Assessment in the classroom
There has been a lot of talk lately about assessment in the classroom, so I thought I’d take a minute to give you some assessment shortcuts. Quality Authentic Assessment is a saving grace for me. We spend so much time testing students, and following new mandates. If we’re not careful as teachers, we can find ourselves at the end of a marking period without fair and meaningful grades for our students. This is where Authentic Assessment comes in.
Authentic Assessment makes learning part of the assessment process
The reality is that so much of what we do with our students can teach them while giving us meaningful markers of their understanding. The assessment shortcut is to make the learning part of the assessment process. This is when we know we are using authentic assessments. Good authentic assessments are part of the learning process itself. They do not detract from learning time, and should not be a form of stress for students. Finally, good authentic assessment should be flexible enough that with a quick modification, your diverse learners can be assessed by it as well.
A great assessment for guided reading lessons
I use balanced literacy in my classroom (For more on how I structure my literacy curriculum, click here). I find that I am using fewer traditional pencil and paper tests (although, I do still use some pencil and paper tests each semester). Last year, I came up with several great ways to assess my students during the weeks I did not use a traditional pencil and paper test. I thought this would be a great time to share them with you.
Each time I have a lesson with a guided reading group, I give them an assignment. One week, the assignment may be to read the next chapter in the novel we’re studying and to write down a question they have while they’re reading. Another week, the assignment may be to write down the name of the character in the story they relate to the most, and explain why.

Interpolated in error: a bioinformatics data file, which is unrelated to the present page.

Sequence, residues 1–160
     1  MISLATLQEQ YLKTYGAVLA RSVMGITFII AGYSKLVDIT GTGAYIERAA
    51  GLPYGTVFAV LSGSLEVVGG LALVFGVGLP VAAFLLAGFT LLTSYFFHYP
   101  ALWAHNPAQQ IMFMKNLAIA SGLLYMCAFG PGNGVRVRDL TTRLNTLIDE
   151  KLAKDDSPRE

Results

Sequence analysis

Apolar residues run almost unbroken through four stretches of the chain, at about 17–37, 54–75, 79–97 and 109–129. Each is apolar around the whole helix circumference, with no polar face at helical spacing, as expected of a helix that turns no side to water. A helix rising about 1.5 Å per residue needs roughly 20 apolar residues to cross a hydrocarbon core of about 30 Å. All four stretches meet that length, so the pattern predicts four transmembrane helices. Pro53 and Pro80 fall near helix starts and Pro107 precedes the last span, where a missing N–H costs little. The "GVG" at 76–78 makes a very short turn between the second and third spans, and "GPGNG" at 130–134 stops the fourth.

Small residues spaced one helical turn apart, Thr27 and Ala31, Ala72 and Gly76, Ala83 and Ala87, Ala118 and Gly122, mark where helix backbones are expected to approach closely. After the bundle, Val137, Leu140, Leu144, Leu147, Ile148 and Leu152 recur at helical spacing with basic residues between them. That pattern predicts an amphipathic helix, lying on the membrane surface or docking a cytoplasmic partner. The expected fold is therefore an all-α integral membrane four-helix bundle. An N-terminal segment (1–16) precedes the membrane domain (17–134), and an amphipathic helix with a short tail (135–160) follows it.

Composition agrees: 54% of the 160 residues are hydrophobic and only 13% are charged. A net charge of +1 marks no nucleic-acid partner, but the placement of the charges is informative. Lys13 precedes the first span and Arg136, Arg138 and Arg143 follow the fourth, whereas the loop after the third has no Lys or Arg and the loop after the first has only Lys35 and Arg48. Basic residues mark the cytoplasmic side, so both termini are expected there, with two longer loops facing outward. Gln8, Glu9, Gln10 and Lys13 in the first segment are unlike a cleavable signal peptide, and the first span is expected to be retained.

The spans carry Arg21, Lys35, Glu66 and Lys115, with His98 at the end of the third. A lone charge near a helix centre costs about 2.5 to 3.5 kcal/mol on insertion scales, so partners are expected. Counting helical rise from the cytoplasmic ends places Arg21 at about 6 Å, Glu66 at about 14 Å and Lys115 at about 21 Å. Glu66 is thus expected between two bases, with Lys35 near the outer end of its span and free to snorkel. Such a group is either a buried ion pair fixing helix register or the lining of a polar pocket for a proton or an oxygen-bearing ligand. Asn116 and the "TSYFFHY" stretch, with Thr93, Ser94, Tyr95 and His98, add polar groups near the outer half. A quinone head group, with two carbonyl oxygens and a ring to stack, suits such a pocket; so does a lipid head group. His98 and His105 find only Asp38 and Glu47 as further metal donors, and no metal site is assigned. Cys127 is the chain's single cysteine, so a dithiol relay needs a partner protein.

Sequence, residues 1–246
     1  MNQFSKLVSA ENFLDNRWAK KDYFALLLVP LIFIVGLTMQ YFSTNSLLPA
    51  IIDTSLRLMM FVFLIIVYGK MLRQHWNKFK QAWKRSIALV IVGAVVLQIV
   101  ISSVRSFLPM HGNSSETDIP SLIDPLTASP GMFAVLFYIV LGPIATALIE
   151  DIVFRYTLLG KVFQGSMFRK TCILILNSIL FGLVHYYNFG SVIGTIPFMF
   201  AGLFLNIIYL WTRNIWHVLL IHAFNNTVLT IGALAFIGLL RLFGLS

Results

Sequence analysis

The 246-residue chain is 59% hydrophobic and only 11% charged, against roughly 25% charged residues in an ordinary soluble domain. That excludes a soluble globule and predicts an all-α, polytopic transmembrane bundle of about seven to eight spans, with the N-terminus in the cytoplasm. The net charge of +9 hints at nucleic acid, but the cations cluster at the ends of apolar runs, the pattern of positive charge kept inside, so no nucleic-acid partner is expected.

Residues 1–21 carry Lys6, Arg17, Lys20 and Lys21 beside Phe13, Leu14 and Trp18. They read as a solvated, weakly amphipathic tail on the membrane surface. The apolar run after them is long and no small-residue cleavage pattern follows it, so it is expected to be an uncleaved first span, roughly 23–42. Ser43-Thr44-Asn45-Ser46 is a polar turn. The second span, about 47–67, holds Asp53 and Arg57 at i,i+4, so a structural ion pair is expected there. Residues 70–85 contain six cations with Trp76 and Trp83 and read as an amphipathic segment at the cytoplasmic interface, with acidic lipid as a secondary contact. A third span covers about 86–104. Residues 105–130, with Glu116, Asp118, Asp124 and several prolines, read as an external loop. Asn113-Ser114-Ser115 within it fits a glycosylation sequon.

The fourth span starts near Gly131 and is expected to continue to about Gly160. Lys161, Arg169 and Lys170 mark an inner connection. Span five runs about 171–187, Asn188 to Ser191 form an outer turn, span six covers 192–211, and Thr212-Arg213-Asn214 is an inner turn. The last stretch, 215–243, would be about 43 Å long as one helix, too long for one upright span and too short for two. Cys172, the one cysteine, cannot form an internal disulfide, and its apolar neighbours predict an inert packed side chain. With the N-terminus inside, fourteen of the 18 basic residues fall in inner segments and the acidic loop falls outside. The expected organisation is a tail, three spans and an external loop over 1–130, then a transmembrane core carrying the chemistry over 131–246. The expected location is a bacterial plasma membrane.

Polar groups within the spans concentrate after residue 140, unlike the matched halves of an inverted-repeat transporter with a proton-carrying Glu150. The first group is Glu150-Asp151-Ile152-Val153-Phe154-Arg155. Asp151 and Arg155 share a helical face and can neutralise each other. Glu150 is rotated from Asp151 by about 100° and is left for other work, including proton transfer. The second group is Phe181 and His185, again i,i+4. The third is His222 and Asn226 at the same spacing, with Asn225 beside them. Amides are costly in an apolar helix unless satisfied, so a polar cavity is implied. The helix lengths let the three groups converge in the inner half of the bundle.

Each week I pass out little post-it notes to my students (the same as many of you). The assessment shortcut I made, was to save the post its from each guided reading lesson on a page in a special notebook. This allows me to refer back to each previous lesson (and skill) I covered with my guided reading groups. This also allows me to quickly (and fairly) assign a guided reading grade for each student. Here are some sample photos, that will help illustrate what I mean.
More effective for students and the teacher
I assign the guided reading grade after the group is done meeting. I am able to focus on the guided reading lesson, versus how each student should be assessed that day.
When I am ready to assign grades for that week’s reading skill and lesson, all I have to do is find the correct page in my notebook. I also do not have to keep up with the post-its. I simply staple them into the notebook at the end of the guided reading lesson, to insure that they do not fall out.
The post it notes are so convenient. They are also an easy way for my students and I to remember where we left off during our previous guided reason lesson. Finally, they add an extra layer of accountability for my students. They now look at our reading groups as something they have to prepare for, and participate in. They know they are being graded. This has made our reading groups even more interactive, and I have fewer students who forget to complete their reading assignment.
Another form of authentic assessment are Readers Response letters. Students write to their teacher about a book they’re reading, and the teacher writes back with questions to help with their reading comprehension. I used Readers Response letters for years when I taught older students. The first year I used them, however, I did not use them as a form of assessment. Then, I realized I was missing an opportunity. So, I came up with four different Readers Response Rubrics to authentically assess my students with throughout the school year. This way, as my students improved with their readers response, the rubric challenged them to achieve even more.
For more great ideas, please check out the September Teacher Talk!